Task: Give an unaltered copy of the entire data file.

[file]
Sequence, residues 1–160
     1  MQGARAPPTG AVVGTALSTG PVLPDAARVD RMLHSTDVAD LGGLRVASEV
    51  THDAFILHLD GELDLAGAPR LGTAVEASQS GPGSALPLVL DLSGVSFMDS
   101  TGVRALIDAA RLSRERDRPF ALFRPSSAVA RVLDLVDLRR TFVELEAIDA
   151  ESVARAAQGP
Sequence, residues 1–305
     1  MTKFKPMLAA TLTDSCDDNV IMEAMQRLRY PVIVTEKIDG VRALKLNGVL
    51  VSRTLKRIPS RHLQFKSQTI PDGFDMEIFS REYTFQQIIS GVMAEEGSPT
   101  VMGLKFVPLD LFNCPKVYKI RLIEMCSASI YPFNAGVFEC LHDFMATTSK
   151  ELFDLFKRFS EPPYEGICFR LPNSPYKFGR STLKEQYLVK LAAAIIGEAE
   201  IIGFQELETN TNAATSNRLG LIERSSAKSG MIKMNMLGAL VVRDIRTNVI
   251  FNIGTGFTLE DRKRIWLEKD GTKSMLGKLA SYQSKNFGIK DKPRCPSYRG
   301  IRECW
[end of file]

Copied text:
Sequence, residues 1–160
     1  MQGARAPPTG AVVGTALSTG PVLPDAARVD RMLHSTDVAD LGGLRVASEV
    51  THDAFILHLD GELDLAGAPR LGTAVEASQS GPGSALPLVL DLSGVSFMDS
   101  TGVRALIDAA RLSRERDRPF ALFRPSSAVA RVLDLVDLRR TFVELEAIDA
   151  ESVARAAQGP
Sequence, residues 1–305
     1  MTKFKPMLAA TLTDSCDDNV IMEAMQRLRY PVIVTEKIDG VRALKLNGVL
    51  VSRTLKRIPS RHLQFKSQTI PDGFDMEIFS REYTFQQIIS GVMAEEGSPT
   101  VMGLKFVPLD LFNCPKVYKI RLIEMCSASI YPFNAGVFEC LHDFMATTSK
   151  ELFDLFKRFS EPPYEGICFR LPNSPYKFGR STLKEQYLVK LAAAIIGEAE
   201  IIGFQELETN TNAATSNRLG LIERSSAKSG MIKMNMLGAL VVRDIRTNVI
   251  FNIGTGFTLE DRKRIWLEKD GTKSMLGKLA SYQSKNFGIK DKPRCPSYRG
   301  IRECW